Saturday, August 12, 2023
The Three Federal Populations – Retrospective Details
I am forwarding a pdf copy of the Georgetown Law Review, November, 1912, and directing your attention to the first article by Hannis Taylor.
Please consider that unique work by Pelatiah Webster, The Constitution for the united States of America adopted in 1787 and resulting in what would later be termed, the Federal Constitution, or, The Constitution of the United States (old language conventions apply here with “the United States” then being synonymous with The United States as defined in 1851).
Most Americans have heard vaguely of “the Federal Constitution” and “the Federal Republic” but even in 1912 during a review celebrating the 125th Anniversary of this key document, people writing for the Georgetown Law Journal had lost track of the actual name of the Constitution being celebrated and were ignorant of the 1851 change in style conventions, too.
The less favored in society are left to suppose, erroneously, that Pelatiah Webster’s famous work was the same as The Constitution of the United States that we see published under that name today by the Municipal Government in Washington, DC.
What a comedy of errors promulgating more errors.
Even in 1912, more than a hundred years ago, nobody remembered the actual architect of the 1787 Constitution, and nobody remembered the style convention changes of 1851, either, so we wind up talking about “the Constitution” and don’t even know the actual name of the document or the identity and nature of the political body that issued it.
This country is well and truly lost, if a mammoth effort of self-education is not made.
The Federal Constitution issued in 1787 was titled The Constitution for the united States of America –note the use of the word “for” which is unique and the use of the word “united” as an adjective written in small case letters.
This was a second run at crafting a Constitution for the Confederation of States doing business as the States of America. The original effort, The Articles of Confederation, begun in January 1777 and ratified in 1781, left much to be desired.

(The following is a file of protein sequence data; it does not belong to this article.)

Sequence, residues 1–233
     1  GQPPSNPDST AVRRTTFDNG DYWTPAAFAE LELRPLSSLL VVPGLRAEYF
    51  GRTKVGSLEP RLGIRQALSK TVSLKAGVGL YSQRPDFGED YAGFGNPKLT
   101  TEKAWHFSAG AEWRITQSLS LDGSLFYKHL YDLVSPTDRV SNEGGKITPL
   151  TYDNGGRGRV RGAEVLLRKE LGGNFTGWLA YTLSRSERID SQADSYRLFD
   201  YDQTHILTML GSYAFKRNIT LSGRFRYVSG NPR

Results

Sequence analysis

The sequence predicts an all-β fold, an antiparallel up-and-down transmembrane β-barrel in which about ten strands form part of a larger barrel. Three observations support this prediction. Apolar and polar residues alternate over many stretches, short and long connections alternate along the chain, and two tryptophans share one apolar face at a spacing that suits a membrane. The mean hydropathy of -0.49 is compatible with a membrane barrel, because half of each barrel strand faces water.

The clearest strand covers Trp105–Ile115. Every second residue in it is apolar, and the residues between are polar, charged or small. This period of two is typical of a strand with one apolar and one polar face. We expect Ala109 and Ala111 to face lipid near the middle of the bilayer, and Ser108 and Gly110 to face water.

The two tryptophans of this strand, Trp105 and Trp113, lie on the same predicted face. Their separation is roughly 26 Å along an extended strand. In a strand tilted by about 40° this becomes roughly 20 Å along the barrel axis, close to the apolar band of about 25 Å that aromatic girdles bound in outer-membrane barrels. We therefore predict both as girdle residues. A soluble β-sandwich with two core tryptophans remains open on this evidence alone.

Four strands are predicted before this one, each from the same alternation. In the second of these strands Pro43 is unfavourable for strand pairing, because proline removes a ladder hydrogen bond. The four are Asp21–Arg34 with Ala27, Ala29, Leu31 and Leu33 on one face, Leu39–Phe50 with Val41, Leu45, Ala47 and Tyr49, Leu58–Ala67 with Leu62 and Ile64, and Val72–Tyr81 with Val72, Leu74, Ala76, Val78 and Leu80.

The States of America was a doing-business-as name of the original Union nation-states, which joined their individual State of State organizations into a Confederation with the intention of leveraging their mutual economic and trade interests in international and global jurisdictions.
It was this Confederation of State of State business organizations that operated the American Federal Services Contractor known as the Federal Republic from 1787 to April 15th 1861, and which provided the bulk of all Federal Government services during that time period.
It was this Confederation that was rendered inoperable for lack of a quorum when the seven Southern States walked out and left it without a date set to reconvene, April 1st 1861.
Within days, and despite Lincoln’s Inaugural Address in which he declared that changing the institution of slavery in the Southern States was not his intention little more than a month prior, our country was plunged into an illegal Mercenary Conflict euphemistically called The American Civil War.
It was the break-down of the Confederation operating under Pelatiah Webster’s brainchild, The Constitution for the united States of America, that led to the spin-off Confederate States of America, which proposed to bargain independently for their trade relationships and commercial contracts.
The intent of The Articles of Confederation was to form a “perpetual union” of the business interests of the States joined together as a single economic power. Pelatiah Webster’s new Constitution first published for discussion on February 16, 1783.
The Confederation operating as the Federal Republic was so far successful in applying the mutual economic and trade powers of the States that by the 1850’s the United Kingdom and most of Europe was frightened of this new world economic power.
In unity was our safety and our strength in dealing with the rest of the world, but disagreements about economic priorities and policies between the industrialized North and agricultural South found their breaking point.
Looking back with 20/20 hindsight it seems that there were many possible solutions short of going to war, chief among them the Federation of States’ desire to simply buy all the plantation slaves and set them free. This was what was done in England and other European countries. Why not America?
As The Articles of Confederation were already bypassed in 1787, together with the “perpetual union” clause, there was nothing so wrong with the industrialized North tending to its knitting and allowing the Southern States to do the same. They could have simply split into two camps and negotiated separate trade agreements.
Why didn’t they?
The most likely reason is that slavery was a much bigger issue than the General Public knew, and it was not an issue of only Southern economics, or injustice, or the repugnance of elitist claptrap.
No, slavery has a much deeper and darker history—and profitability for both North and South was at stake. More to come regarding that snippet of additional history you never knew and the Dutch Government’s complicity in it all.